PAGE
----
Persistently down grading of the military by the government and taking pot shots at it by all and sundry, is considered fair game. If the Army Chief talks of good governance, some MPs, which included later day defence minister, want him sacked. (This was when quarter of a million of his troops was deployed to ensure minimum governance in many parts of the country.) If the service chiefs stands up for their officers and troops against the vagaries of the 6th Pay Commission and the Committee of Secretaries, as a compulsively moral obligation and command commitment, an editor-in-chief of a national newspaper wants them sacked. Yes sacked and no less! For these so called liberals and their warped and constricted understanding of democracy, the civilian control of the military only means, ‘not to reason why, –!’
Persistently down grading of the military by the government and taking pot shots at it by all and sundry, is considered fair game.
When asked whether Indian Army can do a ‘Geronimo’ (elimination of Osama-bin-laden) the Army Chief, says yes, (without naming target/country) the press and a whole lot of others are at his throat. Raising the issue of his date of birth in public, leaking to the media that government has over-ruled his visit to attend the biennial conference of Pacific Armies Chiefs does deliver grievous blows to the institution of the Chief. This periodic targeting the chief greatly irks the serving and veterans. When the home secretary makes a statement, almost sabotaging Foreign Minister’s visit to Pakistan, there is not a whisper in the media or the government! We do have some strange notions of an Army Chief’s functioning in the Indian democracy. On the other hand consider this.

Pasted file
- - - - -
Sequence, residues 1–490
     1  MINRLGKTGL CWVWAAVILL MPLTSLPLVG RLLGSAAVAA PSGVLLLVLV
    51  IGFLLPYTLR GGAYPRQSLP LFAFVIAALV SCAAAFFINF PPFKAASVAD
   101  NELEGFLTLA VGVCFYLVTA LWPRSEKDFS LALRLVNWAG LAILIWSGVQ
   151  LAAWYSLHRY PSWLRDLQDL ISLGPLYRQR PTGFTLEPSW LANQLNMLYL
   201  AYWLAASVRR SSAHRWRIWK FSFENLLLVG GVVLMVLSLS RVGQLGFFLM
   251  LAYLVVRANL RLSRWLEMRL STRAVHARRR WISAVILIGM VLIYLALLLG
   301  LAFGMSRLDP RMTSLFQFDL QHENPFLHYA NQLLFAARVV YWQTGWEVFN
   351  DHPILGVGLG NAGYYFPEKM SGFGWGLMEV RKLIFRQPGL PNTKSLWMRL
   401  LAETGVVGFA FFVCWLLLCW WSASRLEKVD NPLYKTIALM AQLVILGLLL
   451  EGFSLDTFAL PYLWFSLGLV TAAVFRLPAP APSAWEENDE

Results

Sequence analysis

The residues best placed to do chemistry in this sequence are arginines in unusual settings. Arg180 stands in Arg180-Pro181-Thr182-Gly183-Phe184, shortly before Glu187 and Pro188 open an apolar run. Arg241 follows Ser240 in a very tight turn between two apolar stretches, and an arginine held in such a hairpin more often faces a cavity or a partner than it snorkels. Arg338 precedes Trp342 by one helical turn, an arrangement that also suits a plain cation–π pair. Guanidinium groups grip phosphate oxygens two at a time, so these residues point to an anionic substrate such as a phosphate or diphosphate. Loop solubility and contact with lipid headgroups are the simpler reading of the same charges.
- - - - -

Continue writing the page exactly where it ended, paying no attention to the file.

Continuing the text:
When British government decided to send troops for the invasion of Iraq, Sir Michael Boyce, Chief of Defence Staff of U.K demanded an unequivocal statement from the government that the invasion was lawful, without it, Boyce felt, his troops could lay themselves open to charges of war crimes. Figure an Indian army chief demanding anything even remotely close to such a requirement and do visualize the storm it would generate and send many an editor into a tail spin, in the name of civilian control over the military in our special democracy! It is not only the military’s chief who can be easily targeted, but the military as an institution is fair game to hunt. Sample only a few.
It is surely not militarys job to run colleges for other than its own wards, whose education suffers due to extreme turbulence in their schooling.
Due to periodic transfers, children’s education suffers immensely. To overcome this drawback, military started own schools and a number of professional colleges. Now the Honb’le Supreme Court has ruled that admission into military’s professional colleges be opened to civilian children too. Why then should the military run such colleges! It is surely not military’s job to run colleges for other than its own wards, whose education suffers due to extreme turbulence in their schooling.